Mumbai Indians v Somerset, 2nd semi-final, CLT20, Chennai October 7, 2011

Thomas unconcerned by Chepauk pitch

Somerset and Mumbai Indians came into the Champions League Twenty20 saddled with a strikingly similar bunch of setbacks. Both began the tournament without several of their biggest names, including their first-choice captains. Both have come close to silverware in recent years without managing to go all the way; MI have been in the final and semi-finals of the last two IPLs, while Somerset have finished second best in five of the last six English domestic tournaments over the previous two years. Saturday's semi-final will be a depressing addition to one of those two trends.

Somerset arrived in India a day after their dispiriting defeat in the CB40 final, and had to go through the lottery that was the qualifying round. They played their league games in Hyderabad and Bangalore, but will now have to adapt to the treacherously unpredictable Chepauk wicket in Chennai, where their opponents have played three of their four fixtures. However, the Somerset captain Alfonso Thomas was not too concerned that his side's first look at the strip will be in a knockout game.

"The wicket in Chennai looks quite slow, but we have a couple of spinners and hopefully things will work out in our favour," Thomas said. "We came from England and had only a day ahead of the first qualifier. I thought the guys did quite well in that game [so I am not too worried about preparation]. At the end of the day it is a game of XI v XI."

The Mumbai Indians captain Harbhajan Singh, also chose to downplay the concerns surrounding the pitch. "I don't know how good this wicket will play, whether it is low or slow. But this is the same wicket where David Warner scored a hundred," Harbhajan said. "You can't really complain about wickets and facilities; you just have to do well with what you have."

While their pre-tournament woes may have been similar, the two XIs have charted completely different courses to reach the semi-finals. Somerset had to fill the holes in their line-up with youngsters, while Mumbai got a generous helping hand from the organisers, who allowed them to play a fifth overseas player. With Suryakumar Yadav now deemed fit, they will have to do without the fifth foreigner for the rest of the tournament.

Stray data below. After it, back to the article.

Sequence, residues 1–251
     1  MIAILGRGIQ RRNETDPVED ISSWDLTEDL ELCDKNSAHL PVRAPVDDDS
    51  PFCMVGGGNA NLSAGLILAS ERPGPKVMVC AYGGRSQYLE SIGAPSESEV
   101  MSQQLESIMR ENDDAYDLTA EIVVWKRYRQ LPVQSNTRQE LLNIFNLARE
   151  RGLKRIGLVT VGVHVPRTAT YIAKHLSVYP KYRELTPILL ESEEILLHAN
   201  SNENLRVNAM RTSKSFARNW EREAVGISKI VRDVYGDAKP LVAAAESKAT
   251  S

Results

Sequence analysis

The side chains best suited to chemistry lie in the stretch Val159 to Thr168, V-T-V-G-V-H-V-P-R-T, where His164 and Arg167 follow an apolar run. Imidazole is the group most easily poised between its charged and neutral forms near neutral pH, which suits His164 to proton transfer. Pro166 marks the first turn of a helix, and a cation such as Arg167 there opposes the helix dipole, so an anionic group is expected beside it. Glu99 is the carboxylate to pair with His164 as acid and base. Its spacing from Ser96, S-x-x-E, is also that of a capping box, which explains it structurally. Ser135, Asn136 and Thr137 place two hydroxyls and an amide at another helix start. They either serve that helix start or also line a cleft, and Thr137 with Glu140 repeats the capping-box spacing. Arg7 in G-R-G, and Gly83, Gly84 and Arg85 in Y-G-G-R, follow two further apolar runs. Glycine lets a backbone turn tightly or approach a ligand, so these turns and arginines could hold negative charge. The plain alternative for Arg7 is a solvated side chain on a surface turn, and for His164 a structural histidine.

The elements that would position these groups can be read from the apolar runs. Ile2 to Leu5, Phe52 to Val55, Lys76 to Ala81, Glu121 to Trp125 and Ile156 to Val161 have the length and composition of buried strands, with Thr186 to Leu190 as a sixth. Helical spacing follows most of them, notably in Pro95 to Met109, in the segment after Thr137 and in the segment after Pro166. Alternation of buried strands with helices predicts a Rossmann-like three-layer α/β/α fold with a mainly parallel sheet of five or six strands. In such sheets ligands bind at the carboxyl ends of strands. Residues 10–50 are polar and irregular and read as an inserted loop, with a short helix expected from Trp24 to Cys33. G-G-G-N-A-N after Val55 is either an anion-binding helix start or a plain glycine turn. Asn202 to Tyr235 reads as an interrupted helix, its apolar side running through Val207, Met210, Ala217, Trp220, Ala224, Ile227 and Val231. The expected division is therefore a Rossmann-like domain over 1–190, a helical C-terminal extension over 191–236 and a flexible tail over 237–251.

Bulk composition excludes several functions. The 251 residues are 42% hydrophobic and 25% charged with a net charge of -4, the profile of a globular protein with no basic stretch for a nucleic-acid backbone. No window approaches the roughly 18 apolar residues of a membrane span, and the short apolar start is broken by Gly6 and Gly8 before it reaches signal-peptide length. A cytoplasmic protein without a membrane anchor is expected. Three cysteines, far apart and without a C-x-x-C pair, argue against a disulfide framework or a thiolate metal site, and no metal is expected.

"I don't know how much of a luxury it was at the end of the day," Harbhajan said of the privilege extended to his side through the league phase. "This now is an opportunity for guys like Suryakumar, Sarul [Kanwar], R Satish and T Suman to show their mettle on the field, and will make it easier for us to decide who to pick in the next IPL."

Harbhajan will have a tough time deciding which of his five foreign players to bench. Kieron Pollard endured a blow on his hand on the match eve, but Harbhajan confirmed that it wasn't serious enough to keep him out. Lasith Malinga and James Franklin are also likely to retain their spots, meaning one of Aiden Blizzard and Andrew Symonds could miss out. His bigger worry, though, will be over his top-order's poor returns in each of the three games they have played at Chepauk.

"Given the kind of batting line up we have, we have not performed up to expectations and reputations," Harbhajan said. "But Twenty20 is not the kind format in which you always need to be in the best of your form to do well. It is really a matter of the first five balls - if you connect well, it could be your day. If you get a wicket with your first or second ball, you can be a different bowler."

Somerset, on the other hand, have no concerns on the form front. "The absence of first-choice players gave opportunities to a couple of youngsters," Thomas said. "That was probably a good thing because now these youngsters don't really have the fear of failure. Most of the guys have got game-time, so we have 14 guys who have played at some point in the tournament."

It has been an eventful tournament for Harbhajan, after being forced to lead because of Sachin Tendulkar's injury. He had to deal with the personal setback of being left out of the Indian side for the first time in years. He didn't allow that disappointment to affect him, though; he has remained ebullient off the field, while bowling with purpose and leading well on it.

"Not having the full-strength side can bring the best out of some people," Harbhajan said. "It was a great opportunity for me to and I have enjoyed every moment of it. I always believed that if each one of us did what we were capable of, we could win this tournament. The results will only matter if you think too much about them. We are not bothered about the results, but I have made sure that we gave it our best shot and expressed ourselves."

Harbhajan may not admit it, but come Saturday night, the result will matter.

Nitin Sundar is a sub-editor at ESPNcricinfo